Church leaders targeted in continuing attacks against environmental defenders
29 August 2017
Along the highway from Isabela to Nueva Vizcaya, spray-painted messages accusing Cagayan Archbishop Sergio Utleg alongside the National Union of People’s Lawyers, Anakpawis, the College Editors’ Guild of the Philippines, and other progressive organizations and leaders in Northern Luzon as “supporters” and “protectors” of communist rebels were emblazoned across waiting sheds and concrete roadside barriers.
In South Cotabato province, unknown assailants killed Domingo Edo, a lay coordinator of the Archdiocese of Marbel Social Action Center, last August 20. A month prior to that in July 11, Pastor Kama Sanong of the Manobo Association Evangelical Church was illegally arrested and detained allegedly for possession firearms.
Abp. Utleg, Edo, and Sanong all have something in common: they are church people immersed in the people’s struggle to defend environment and communities from destructive projects.
“The Church’s ‘stewards of creations’ are among the staunchest allies of frontline communities resisting environmentally destructive projects of powerful politicians and corporations. They are the latest targets of harassments, killings, and other atrocious attacks by both private and state security forces who serve as attack dogs for big mines, power projects and plantations,” said Leon Dulce, campaign coordinator of environmental activist group Kalikasan People’s Network for the Environment (Kalikasan PNE).
Threats of large-scale mining projects were common in the abovementioned cases of the church leaders and workers. Abp. Utleg was a known opponent of the proposed mine-mouth coal power projects and the various operating magnetite mining projects in the Cagayan Valley region. Edo was part of the broad local opposition to the controversial Tampakan Mining Project in South Cotabato, while Sanong was part of the indigenous Dulangan Manobo Lumad tribe opposing DMCI’s coal mining, logging, and plantation projects in Sultan Kudarat.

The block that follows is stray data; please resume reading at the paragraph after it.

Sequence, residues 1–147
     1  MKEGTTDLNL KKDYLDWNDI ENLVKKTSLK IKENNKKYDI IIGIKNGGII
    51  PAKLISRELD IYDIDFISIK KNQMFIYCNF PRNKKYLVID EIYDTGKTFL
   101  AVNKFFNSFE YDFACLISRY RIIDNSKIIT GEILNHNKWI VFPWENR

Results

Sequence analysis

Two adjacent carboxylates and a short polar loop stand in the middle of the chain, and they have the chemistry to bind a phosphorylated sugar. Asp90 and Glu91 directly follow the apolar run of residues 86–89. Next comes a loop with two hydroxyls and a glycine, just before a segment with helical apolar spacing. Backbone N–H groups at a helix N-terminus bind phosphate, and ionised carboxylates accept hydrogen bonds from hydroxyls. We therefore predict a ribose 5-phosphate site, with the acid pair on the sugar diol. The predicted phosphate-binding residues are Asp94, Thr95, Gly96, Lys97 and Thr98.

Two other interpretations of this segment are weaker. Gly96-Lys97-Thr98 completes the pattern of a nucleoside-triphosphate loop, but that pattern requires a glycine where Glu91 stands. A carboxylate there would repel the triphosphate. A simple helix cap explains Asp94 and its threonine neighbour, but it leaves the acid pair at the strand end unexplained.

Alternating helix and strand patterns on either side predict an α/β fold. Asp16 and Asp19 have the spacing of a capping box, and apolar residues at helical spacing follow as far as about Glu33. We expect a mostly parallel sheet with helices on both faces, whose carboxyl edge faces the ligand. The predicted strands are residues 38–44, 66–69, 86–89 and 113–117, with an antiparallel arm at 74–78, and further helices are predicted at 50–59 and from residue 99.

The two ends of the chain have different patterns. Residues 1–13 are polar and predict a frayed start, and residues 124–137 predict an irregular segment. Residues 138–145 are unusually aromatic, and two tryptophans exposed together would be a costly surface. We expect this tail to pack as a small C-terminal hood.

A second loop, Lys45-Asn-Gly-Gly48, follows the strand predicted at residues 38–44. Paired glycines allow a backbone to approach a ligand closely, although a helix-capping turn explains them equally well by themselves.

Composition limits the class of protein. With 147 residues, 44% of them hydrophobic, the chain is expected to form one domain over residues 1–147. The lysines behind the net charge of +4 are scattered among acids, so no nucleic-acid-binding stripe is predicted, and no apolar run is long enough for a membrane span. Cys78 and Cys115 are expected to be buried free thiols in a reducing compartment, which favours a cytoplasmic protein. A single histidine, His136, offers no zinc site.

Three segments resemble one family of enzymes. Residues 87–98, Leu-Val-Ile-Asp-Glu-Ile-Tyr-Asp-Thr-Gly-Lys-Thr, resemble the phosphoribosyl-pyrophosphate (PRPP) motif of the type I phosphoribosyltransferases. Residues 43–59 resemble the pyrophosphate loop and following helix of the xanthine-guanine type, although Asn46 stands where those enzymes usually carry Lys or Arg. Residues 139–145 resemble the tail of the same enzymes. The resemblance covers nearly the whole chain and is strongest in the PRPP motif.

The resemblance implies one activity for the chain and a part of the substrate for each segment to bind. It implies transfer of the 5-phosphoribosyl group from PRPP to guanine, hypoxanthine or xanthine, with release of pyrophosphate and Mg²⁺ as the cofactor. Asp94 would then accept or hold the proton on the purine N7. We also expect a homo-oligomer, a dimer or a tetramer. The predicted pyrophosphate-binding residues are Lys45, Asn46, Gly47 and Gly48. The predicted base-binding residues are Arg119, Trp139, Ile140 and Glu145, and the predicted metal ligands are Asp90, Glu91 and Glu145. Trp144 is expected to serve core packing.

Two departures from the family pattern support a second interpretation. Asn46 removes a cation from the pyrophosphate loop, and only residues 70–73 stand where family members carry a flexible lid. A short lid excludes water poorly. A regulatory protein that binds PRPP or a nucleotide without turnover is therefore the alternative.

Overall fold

“We have a heavily militarized investment defense regime of the mining industry that contributed to a whopping 75 percent or 91 out of 121 environment-related killings monitored by Kalikasan since 2001,” explained Dulce.
“On the other hand, counter insurgency and other security programs of the national government have targeted activists and civilians, with State armed forces suspected or point-blank identified to be involved in half of these cases,” Dulce furthered.
The environment group noted that while the perpetrator was still unknown in the recent case of Edo, the 11 other cases of killings they have monitored involving opponents of the Tampakan Mining Project were known to be perpetrated by military and paramilitary groups such as the Task Force KITACO.
“Military, paramilitary, and police forces are becoming emboldened by Duterte’s marching orders of brutal impunity. His order to “flatten the hills” and “bomb the Lumad schools” in an all-out war against every community they suspect as breeding grounds of insurgency is being implemented in every rural pocket of resistance to destructive mines, plantations and land grabs,” said Dulce.
“Duterte and his military cohorts should be held accountable for his bloody wars against the poor, especially such atrocious designs as the ‘Oplan Kapayapaan’ counter insurgency, ‘Oplan Tokhang/Double Barrel’, and the declaration of Martial Law in Mindanao and possibly the entire country.  These fascist programs should immediately be revoked and Duterte and his fellow proponents of militarization and impunity must be investigated and prosecuted,” ended Dulce.#

National Secretariat
Kalikasan People’s Network for the Environment
26 Matulungin St. Central District, Diliman, Quezon City, Philippines, 1100
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